1. The master of a ship destined for the Delaware Bay Captain of the Port zone shall report to the CDC, the occurrence, on board, of any death or any ill person among passengers or crew (including those who have disembarked or have been removed) during the 15-day period preceding the date of expected arrival in accordance with 42 Code of Federal Regulations (CPR)§ 71.21. The CDC Philadelphia Station can be reached 24 hours a day at (215) 365-6401.
  2. Also, under 33 CPR. § 160.216, the owner, agent, master, operator, or person in charge of a vessel is required to immediately notify the nearest Coast Guard Sector whenever there is a hazardous condition aboard the vessel.

While the presence of a person with Coronavirus like symptoms does not by itself constitute a hazardous condition, vessel operators should report suspected cases or other unusual circumstances whenever they are in doubt.

Vessel masters should inform Coast Guard and Customs boarding teams of any ill crewmembers onboard.

#8 Hudson Tactix, USA – Federal (All States) - 31 January

The USCG has issued a Marine Safety Information Bulletin MSIB 01-20 stating:

  1. Vessel representatives are required to report sick or deceased crew/passengers within the last 15 days to the CDC under 42 CFR 71.21. Regional CDC quarantine station points of contact can be found here.
  2. The Coast Guard will continue to review all “Notice of Arrivals” in accordance with current policies and will communicate any concerns stemming from sick or deceased crew or passengers to their Coast Guard chain of command and the CDC quarantine station who will coordinate with local health authorities.
  3. Vessel masters shall inform Coast Guard boarding teams of any ill crewmembers on board their vessel prior to the Coast Guard embarking and Boarding Teams should verify vessel illnesses with CDC if concerns arise.
  4. Local industry stakeholders, in partnership with their Coast Guard Captain of the Port, should review and be familiar with section 5310 Procedures for Vessel Quarantine and Isolation, and Section 5320 – Procedures for Security Segregation of Vessels in their Area Maritime Security Plan.
  5. Local industry stakeholders, in partnership with their Coast Guard Captain of the Port, should review and be familiar with their Marine Transportation System Recovery Plan.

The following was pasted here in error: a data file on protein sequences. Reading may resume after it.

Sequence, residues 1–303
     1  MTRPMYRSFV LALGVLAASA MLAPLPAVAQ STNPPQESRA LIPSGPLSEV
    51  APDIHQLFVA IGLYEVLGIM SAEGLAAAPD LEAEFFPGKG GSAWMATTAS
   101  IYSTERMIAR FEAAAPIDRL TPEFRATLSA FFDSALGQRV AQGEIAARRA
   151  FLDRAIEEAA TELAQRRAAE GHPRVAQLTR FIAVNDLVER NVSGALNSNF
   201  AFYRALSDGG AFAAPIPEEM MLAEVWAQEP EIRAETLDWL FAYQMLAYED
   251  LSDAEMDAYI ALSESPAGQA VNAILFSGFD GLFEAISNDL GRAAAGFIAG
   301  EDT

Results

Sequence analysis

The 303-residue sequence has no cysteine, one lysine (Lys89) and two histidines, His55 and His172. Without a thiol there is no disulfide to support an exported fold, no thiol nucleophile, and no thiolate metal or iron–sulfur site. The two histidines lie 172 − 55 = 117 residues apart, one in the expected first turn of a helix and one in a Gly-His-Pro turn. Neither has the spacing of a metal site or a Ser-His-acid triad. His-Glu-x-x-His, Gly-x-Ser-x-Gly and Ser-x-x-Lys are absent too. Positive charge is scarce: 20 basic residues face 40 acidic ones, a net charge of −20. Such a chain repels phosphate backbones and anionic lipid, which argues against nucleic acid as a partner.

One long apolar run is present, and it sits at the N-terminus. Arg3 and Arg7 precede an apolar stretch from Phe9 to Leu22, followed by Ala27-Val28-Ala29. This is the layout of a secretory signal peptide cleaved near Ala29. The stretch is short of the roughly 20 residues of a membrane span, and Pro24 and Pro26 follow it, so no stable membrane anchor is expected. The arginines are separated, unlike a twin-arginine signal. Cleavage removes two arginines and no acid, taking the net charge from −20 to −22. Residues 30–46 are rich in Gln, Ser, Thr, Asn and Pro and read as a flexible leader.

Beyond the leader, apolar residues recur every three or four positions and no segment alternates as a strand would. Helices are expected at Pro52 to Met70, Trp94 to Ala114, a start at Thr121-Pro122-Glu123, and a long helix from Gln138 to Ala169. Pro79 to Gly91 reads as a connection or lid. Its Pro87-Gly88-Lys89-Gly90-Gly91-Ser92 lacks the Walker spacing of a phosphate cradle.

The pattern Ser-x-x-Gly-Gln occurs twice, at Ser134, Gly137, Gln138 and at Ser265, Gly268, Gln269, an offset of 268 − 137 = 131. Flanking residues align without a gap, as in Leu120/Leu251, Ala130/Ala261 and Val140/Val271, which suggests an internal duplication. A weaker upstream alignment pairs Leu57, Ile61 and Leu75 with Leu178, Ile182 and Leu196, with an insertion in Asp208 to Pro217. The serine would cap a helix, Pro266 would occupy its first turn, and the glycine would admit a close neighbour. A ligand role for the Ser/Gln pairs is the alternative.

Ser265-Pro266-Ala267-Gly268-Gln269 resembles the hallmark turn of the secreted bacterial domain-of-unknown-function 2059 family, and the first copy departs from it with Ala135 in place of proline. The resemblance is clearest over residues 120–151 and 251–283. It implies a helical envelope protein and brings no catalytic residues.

#9 Aus Ship P&I Australia - 31 January

Aus Ship P&I has come to understand that additional measures are now being introduced in some Ports across the State of NSW to combat the risk of the virus spreading from vessels which have recently called into mainland China. Ports in other states across Australia are expected to follow suit in due course.

When completing pre-arrival reporting to the Australian Biosecurity Department, (usually undertaken via the MARS system) vessels will now be issued with the attached fact sheet concerning the virus.

The Biosecurity Department is also requesting ships agents clarify the following information, should their vessels have recently called into a port in mainland China:

  1. The Date the vessel departed China;
  2. Ports called into between departing China and arriving in Australia;
  3. Declarations as to whether any sick personnel are on board;
  4. Declaration of the previous 5 ports of call;

Further to the above, where vessels affected berth in Australian ports, vessels may expect heightened bio-security/quarantine measures being implemented; including:

  1. Australian Biosecurity Department personnel attending the vessel wearing full body protection /HAZMAT style gear;
  2. Stevedores wearing masks and other protective gear, and being instructed to keep distance and avoid contact with crew where possible;
  3. Ships agents may carry out procedures from the wharf instead of boarding the affected vessels, so as to minimise potential contamination risk;
  4. Seafarers aboard affected vessels may be barred from leaving the vessel.